"some music was meant to stay underground..."

70000 Tons of Metal - The World's Biggest Heavy Metal Cruise

Black Metal Box - "Black Metal Box" (CD)

Black Metal Box - "Black Metal Box" CD cover image

"Black Metal Box" track listing:

1. Fallen
2. Guilty
3. In The Eye
4. Face
5. Separate
6. Control
7. No Fucking Good
8. Push
9. Descending
10. Bitch
11. Revolution

Reviewed by on October 6, 2009

"Black Metal Box may not have created the most imaginative album out there, but it's a solid slab of metal with a few interesting surprises. "

Ever since Pantera created their brand of heavy mid-tempo metal on albums like "Vulgar Display Of Power," it's become one of the standard formats of the genre. Sledgehammer riffs, growled vocals with moments of melody, and thick, heavy drums and bass are the order of the day — and they're exactly what you get on Black Metal Box's self-titled debut disc. No, the sound isn't the most original thing I've heard, but it rocks hard and does have a few pleasant surprises.

The disc begins well with "Fallen," showcasing Chris "Jax" Lawson's ability to alternate between clean and growled vocals. Guitarists Kevin Mantooth and Steve Ulibarri's riffs on this one are thick and heavy, if lacking a little melodic variety. What sets this and the rest of the album apart from many of the other Pantera followers is the subtle keyboard playing by Reiter S.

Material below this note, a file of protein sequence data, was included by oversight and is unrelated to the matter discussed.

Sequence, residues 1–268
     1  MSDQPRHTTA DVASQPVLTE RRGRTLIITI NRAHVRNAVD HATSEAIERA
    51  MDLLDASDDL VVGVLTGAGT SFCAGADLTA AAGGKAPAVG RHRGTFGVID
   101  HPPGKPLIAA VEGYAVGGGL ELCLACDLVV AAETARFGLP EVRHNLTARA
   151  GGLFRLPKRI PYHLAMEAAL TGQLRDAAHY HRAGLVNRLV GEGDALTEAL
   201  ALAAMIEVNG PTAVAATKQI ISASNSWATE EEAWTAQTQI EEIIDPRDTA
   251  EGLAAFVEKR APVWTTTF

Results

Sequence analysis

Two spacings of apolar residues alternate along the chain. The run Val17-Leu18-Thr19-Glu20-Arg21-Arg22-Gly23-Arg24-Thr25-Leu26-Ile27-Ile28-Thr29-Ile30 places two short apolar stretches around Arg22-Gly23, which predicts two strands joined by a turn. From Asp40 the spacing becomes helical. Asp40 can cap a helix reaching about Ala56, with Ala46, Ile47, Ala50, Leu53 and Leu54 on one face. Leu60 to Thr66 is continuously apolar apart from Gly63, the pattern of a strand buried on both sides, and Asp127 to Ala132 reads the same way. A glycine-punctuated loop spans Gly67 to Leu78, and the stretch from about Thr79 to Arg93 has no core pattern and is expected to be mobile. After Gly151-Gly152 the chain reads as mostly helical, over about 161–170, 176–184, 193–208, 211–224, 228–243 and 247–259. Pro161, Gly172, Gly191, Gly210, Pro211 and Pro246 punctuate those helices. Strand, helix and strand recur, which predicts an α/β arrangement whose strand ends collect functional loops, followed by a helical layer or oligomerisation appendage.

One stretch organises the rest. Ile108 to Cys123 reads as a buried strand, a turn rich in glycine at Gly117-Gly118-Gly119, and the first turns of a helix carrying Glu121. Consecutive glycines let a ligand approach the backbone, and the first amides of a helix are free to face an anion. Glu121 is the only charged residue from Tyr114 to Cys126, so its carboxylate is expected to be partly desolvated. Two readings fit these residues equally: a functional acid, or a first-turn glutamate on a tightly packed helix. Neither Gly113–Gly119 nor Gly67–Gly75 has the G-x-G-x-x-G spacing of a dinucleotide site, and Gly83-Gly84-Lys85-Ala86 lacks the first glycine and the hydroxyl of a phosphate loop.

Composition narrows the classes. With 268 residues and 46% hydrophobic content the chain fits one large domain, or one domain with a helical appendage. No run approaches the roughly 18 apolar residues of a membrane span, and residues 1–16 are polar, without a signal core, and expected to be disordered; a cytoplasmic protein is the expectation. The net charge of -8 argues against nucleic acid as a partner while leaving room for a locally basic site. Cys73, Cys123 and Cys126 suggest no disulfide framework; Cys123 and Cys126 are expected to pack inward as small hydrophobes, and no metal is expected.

The second track, "Guilty," offers another example of how this band is helped by the addition of keyboards, with Reiter S adding a subtle warmth to the almost gentle clean intro and just a hint of extra bombast when things get more electrified.

My main problem with the album is that, with the exception of a handful of speedier tracks ("In The Eye," "Separate," and "Revolution,") everything seems to cruise along at the same mid-tempo slog. That has the effect of making some of the songs seem the same, despite discernible differences in the guitars and drums. That isn't helped by the fact that a lot of Lawson's vocal parts are very similar to each other.

Despite that, I have to say that I never really got bored with the record and found that I was often listening extra carefully to pick up Scott "Machine Gun" Smith's drum parts. Black Metal Box may not have created the most imaginative album out there, but it's a solid slab of metal with a few interesting surprises.

Highs: Solid playing all around, with the speedier "Separate" and "In The Eye" standing out.

Lows: An over-reliance on mid-tempo tunes.

Bottom line: Good post-Pantera metal — if relying a little too much on mid-tempo tunes.

Rated 3 out of 5 skulls
3 out of 5 skulls

Rating Description
Rated 5 out of 5 skulls Perfection. (No discernable flaws; one of the reviewer's all-time favorites)
Rated 4.5 out of 5 skulls Near Perfection. (An instant classic with some minor imperfections)
Rated 4 out of 5 skulls Excellent. (An excellent effort worth picking up)
Rated 3.5 out of 5 skulls Good. (A good effort, worth checking out or picking up)
Rated 3 out of 5 skulls Decent. (A decent effort worth checking out if the style fits your tastes)
Rated 2.5 out of 5 skulls Average. (Nothing special; worth checking out if the style fits your taste)
Rated 2 out of 5 skulls Fair. (There is better metal out there)
< 2 skulls Pretty Bad. (Don't bother)